How to Get a Pedestrian Island Installed
Smart planning put a pair of shopping centers within walking distance of a 55-and-older community. Poor planning separated the areas by four lanes of fast-moving traffic
Carol Goodman lives in a 55-and-older community just three-tenths of a mile from two shopping centers. However, she and most of her neighbors drove to the development's restaurants, businesses, medical offices, shops and supermarket.
Although the mixed-use community in Edgewater, Maryland, was created using many components of walkable, urban design — the community has sidewalks, recreational spaces and varied housing types — the developer bisected the residential neighborhood from the commercial section with a wide thoroughfare.
Nearly two-decades after the first homes broke ground residents launched efforts to make their neighborhood more pedestrian-friendly by getting a crosswalk island installed.
The "Townes" section of the planned community contains nearly 400 dwellings located in distinct clusters of townhomes, single-story villas and condominium apartment buildings. Roughly 200 of the residential units are designated as senior (55-plus) housing.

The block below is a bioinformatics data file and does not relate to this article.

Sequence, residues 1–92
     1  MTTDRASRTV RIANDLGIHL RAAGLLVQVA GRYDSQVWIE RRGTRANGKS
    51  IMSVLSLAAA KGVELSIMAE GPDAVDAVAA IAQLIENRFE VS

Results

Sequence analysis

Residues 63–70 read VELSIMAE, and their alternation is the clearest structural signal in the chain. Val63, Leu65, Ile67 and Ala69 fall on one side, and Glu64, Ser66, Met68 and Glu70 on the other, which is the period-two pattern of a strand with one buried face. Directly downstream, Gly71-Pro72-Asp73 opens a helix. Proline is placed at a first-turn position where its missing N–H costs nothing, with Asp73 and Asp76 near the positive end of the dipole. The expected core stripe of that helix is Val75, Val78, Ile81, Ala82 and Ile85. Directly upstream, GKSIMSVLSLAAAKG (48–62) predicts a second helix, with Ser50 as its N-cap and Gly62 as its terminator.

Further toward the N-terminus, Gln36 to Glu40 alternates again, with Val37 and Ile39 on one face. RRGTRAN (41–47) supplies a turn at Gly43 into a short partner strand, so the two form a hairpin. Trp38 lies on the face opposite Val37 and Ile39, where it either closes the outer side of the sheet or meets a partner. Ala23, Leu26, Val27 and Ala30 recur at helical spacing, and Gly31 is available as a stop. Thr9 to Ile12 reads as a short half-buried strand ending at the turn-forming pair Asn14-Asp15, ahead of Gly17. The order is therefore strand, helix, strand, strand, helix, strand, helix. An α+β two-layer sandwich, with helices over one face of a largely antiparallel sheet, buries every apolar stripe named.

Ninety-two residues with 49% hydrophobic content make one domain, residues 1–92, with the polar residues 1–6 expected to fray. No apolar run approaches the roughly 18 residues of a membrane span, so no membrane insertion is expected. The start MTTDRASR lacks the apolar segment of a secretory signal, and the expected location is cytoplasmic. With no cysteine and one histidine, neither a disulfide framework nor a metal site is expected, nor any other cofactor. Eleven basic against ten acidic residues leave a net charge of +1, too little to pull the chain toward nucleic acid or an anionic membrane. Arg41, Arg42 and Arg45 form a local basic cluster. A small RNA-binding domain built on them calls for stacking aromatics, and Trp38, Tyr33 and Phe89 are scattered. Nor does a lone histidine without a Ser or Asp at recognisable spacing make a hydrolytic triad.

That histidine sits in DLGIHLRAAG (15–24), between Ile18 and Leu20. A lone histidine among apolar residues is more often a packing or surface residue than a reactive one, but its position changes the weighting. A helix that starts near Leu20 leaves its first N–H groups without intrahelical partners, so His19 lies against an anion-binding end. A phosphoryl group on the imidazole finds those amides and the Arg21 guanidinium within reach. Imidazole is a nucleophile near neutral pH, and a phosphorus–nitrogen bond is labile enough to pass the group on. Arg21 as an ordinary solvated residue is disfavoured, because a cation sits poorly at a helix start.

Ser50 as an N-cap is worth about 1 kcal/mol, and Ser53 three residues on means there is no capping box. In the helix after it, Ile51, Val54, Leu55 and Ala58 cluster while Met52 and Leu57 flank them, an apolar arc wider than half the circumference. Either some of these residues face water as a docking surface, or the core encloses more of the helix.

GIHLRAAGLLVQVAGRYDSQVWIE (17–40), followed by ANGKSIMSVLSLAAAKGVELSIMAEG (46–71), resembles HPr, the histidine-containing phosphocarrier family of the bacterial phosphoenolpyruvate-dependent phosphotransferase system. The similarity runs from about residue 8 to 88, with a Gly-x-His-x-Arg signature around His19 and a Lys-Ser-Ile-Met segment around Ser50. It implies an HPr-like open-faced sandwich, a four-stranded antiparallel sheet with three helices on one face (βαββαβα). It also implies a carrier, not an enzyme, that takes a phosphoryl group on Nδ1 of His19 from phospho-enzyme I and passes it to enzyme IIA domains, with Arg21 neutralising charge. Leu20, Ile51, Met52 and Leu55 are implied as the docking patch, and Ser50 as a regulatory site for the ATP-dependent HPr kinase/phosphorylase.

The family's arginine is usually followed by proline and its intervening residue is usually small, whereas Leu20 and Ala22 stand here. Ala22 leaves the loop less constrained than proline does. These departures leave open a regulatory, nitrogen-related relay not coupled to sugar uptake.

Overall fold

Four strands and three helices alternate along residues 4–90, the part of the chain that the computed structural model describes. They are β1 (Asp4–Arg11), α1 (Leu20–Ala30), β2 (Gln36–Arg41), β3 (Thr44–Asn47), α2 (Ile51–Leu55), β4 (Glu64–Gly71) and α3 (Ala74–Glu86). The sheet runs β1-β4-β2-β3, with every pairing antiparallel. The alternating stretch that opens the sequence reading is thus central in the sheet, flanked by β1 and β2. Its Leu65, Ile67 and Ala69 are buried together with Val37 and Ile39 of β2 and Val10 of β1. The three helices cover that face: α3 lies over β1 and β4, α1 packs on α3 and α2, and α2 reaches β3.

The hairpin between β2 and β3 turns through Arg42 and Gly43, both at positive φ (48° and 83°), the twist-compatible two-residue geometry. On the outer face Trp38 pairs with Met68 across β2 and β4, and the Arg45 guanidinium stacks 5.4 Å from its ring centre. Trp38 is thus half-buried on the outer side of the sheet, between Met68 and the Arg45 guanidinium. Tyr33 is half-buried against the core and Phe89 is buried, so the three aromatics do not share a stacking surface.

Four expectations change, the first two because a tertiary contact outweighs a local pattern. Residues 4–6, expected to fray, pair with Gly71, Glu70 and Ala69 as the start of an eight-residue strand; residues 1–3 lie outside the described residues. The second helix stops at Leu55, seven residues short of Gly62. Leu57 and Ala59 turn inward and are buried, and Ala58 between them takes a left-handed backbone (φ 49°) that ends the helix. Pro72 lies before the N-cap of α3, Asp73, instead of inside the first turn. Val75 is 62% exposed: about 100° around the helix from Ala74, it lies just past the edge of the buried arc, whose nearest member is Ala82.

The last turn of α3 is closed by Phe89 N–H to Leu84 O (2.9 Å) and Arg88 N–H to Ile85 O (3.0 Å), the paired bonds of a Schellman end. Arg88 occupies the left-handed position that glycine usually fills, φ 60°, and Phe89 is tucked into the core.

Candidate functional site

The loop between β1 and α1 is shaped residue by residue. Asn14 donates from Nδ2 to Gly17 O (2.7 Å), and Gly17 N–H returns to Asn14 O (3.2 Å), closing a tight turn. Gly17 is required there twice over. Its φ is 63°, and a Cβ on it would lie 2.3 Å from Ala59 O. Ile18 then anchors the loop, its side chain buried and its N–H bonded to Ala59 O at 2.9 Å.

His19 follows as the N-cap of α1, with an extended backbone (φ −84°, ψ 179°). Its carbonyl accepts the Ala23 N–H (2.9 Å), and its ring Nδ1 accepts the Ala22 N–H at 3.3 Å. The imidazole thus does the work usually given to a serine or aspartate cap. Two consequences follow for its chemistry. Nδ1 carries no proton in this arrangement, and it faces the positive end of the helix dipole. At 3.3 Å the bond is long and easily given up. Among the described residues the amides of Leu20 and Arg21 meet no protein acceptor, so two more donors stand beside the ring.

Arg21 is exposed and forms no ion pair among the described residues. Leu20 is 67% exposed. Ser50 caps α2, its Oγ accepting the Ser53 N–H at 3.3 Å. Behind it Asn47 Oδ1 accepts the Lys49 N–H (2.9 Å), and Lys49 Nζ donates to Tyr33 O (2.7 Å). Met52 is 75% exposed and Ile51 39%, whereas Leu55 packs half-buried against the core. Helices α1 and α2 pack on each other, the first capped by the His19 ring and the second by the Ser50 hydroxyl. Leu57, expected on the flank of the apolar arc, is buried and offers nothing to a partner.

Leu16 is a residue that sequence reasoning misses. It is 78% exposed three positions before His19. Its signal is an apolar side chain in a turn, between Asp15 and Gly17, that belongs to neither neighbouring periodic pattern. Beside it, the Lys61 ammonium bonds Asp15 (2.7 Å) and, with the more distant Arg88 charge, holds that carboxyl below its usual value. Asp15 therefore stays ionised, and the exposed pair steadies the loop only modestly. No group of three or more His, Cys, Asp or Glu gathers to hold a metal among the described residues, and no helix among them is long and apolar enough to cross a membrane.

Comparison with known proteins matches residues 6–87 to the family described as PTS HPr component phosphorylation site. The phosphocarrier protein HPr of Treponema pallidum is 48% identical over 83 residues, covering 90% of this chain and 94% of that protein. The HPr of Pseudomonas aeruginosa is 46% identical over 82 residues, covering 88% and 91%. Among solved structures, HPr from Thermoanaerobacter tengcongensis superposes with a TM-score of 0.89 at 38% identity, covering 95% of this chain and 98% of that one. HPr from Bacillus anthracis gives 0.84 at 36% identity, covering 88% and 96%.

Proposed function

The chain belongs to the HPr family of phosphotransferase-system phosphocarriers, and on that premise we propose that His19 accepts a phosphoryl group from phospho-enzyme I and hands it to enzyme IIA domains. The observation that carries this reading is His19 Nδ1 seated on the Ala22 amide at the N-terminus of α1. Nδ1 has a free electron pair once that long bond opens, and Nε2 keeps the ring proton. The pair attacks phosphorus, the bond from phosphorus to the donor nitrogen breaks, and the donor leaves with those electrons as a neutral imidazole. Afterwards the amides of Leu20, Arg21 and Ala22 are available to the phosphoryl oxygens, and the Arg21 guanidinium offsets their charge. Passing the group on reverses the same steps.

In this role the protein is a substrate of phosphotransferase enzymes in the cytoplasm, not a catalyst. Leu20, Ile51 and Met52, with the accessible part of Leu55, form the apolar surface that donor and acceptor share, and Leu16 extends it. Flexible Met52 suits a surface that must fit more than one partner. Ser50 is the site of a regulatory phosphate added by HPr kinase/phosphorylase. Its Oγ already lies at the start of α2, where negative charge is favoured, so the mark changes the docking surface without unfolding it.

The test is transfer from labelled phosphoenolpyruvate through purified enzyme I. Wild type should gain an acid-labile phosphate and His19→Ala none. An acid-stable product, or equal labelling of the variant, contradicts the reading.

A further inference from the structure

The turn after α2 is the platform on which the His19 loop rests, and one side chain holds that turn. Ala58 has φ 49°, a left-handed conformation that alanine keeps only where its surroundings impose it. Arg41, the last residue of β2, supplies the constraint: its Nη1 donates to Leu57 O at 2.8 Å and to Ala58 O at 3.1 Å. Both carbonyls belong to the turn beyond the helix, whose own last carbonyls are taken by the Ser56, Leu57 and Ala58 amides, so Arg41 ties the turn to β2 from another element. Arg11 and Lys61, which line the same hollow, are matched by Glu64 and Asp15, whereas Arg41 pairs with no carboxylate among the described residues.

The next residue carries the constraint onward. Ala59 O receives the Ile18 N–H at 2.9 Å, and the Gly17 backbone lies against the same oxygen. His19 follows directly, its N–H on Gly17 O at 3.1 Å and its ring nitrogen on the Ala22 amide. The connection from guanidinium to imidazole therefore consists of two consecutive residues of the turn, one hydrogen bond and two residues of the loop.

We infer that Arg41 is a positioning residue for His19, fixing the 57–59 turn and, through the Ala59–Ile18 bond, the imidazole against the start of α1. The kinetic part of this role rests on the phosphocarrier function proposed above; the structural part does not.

Mitchells Chance Road runs approximately a half-mile in length from end to end and receives traffic from a busy state highway. The posted speed limit is 30 mph. However, according to a traffic survey by county officials, the actual average speed along the route is 43 mph.
Many residents of the Townes want to walk to the restaurants and stores across the street. Retailers everywhere want people to shop locally. Once residents get into their cars, they can easily bypass the closest stores and shop further afield.
When people tried to cross from the residential to the retail areas on foot, they needed to cross all four lanes of traffic with cars coming, sometimes dangerously fast, from both directions.
SEEKING A SOLUTION
Carol Goodman attempted to bring the issue to her neighborhood council, but she didn't get far. "Nobody championed it," she explains. The effort got the jumpstart it needed when she found Carla DeWitt, a determined neighbor and community board member.
DeWitt describes herself as tenacious. She took a special interest in the project because her parents had decided to move from New York to Maryland to be nearer to their only child, son-in-law and grandson.
"My mother is a city girl. She's accustomed to walking places. My parents like this neighborhood because it's within walking distances to shops and medical offices," DeWitt said.